I think there should be more aesthetic philosophies. The lack of them, and of attention to aesthetics in philosophy generally, leads to an over-reliance of a shallow understanding of https://en.m.wikipedia.org/wiki/Wabi-sabi in particular, in my experience.
https://en.m.wikipedia.org/wiki/Arts_and_Crafts_movement which we could do with more like. The manifestos of art movements started by the Vorticists and taken up by art groups ever since, have rung increasingly hollow as their focus' narrowed away from rethinking our ways of life to only the design slogans for decorative fripperies.
Religious movements have a long history of implimenting philosophy in architecture, like the Hindu
https://en.m.wikipedia.org/wiki/Sri_Yantra This is arguably an example of a mandala, spiritual diagrams that are also microcosms, illustrating the whole universe or some part of it, and often including temple walls, so unsurprisingly temples are often designed around these. Sikh temples have inverted lotus flower shaped domes, representing the pure growing from the impure. Abrahamic religions seem to tend to be less philosophical in their architecture, although they do build in spiritual symbols (perhaps they just have simpler symbols).
This article is a bit of a rant against modern architectural trends but I heartily recommend it:
https://www.currentaffairs.org/2017/10/why-you-hate-contemporary-architecture Just as theatre, art, music etc now have a full palette again, with not just modernist and post modern elements, but also the option of symmetry harmony and speaking to tradition, so surely architecture. Personally I think we badly need more turrets with turrets on..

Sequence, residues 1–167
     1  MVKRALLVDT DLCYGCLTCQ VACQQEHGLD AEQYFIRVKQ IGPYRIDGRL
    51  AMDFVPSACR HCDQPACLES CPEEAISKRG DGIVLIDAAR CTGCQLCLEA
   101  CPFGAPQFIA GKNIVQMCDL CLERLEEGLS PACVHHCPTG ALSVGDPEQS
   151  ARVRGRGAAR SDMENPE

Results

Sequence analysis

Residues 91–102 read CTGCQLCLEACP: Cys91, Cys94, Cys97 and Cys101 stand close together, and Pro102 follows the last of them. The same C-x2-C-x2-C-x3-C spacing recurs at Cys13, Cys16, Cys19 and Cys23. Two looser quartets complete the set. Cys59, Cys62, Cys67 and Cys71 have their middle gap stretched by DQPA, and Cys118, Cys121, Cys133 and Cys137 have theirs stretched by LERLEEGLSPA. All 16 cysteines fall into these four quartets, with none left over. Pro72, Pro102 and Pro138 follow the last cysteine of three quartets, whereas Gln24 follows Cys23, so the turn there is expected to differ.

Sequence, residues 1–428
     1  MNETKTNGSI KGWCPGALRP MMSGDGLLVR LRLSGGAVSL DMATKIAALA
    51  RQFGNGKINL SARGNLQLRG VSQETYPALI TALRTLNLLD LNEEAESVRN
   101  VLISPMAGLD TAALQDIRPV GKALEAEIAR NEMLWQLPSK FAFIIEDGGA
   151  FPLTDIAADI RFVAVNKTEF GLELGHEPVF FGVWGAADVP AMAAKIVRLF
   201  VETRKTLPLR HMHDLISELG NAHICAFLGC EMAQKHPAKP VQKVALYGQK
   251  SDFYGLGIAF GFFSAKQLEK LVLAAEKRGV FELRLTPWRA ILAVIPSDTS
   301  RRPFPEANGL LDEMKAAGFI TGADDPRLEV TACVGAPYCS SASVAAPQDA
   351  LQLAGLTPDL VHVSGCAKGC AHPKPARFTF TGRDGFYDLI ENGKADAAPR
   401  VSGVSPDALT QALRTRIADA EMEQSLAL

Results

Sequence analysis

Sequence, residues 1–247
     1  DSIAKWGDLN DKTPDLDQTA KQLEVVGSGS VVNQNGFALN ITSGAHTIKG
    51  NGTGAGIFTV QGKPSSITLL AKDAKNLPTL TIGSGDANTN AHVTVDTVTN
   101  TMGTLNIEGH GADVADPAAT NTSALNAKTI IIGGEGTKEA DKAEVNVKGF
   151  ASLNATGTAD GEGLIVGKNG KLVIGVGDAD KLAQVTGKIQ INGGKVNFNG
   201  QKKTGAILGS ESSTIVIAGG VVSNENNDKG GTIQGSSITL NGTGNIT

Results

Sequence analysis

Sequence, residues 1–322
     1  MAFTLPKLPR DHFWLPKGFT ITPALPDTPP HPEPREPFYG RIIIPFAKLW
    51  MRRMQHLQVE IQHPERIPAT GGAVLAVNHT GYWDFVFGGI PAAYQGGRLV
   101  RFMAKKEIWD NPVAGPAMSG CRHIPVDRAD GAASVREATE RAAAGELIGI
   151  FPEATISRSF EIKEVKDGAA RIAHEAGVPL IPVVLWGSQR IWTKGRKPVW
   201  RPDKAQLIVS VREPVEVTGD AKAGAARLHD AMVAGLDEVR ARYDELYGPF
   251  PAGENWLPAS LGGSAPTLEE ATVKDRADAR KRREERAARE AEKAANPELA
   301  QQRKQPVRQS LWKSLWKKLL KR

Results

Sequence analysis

In terms of architectural-philosophers, a special class of thinker that expressed their thought in buildings themselves, I feel three stand out.
Gaudi, who you will know, used many natural forms like catenary arches which appeal to our biophilia.
Hundertwasser https://en.m.wikipedia.org/wiki/Friedensreich_Hundertwasser demanded more decoration and playful elements, and the integration of trees with his buildings.
Cesar Manrique https://en.wikipedia.org/wiki/César_Manrique defined the visual identity of Lanzarote, one of the Spanish Canary Islands. His buildings integrated with, responded to, and were built using, elements of their surroundings.
There are interesting commonalities between the 3. They didn't train as architects, Gaudi was a copper smith, the other two artists. They built some of if not the most popular things to see in their places of work, Barcelona, Vienna, and Lanzarote respectively. And last and saddest, after them no one took up their ideas, and if anything did the opposite in those places, building the same disposable cubes as everywhere else.
Architecture shapes our world, not just human interaction but also what wildlife thrive - we have chosen to build for pigeons, rats and cockroaches, above all others. Imagine if we built instead for parakeets, otters and dragonflies. Orchids high on buildings instead of buddleia. We have unparalleled power to choose, and we are sleep-walking.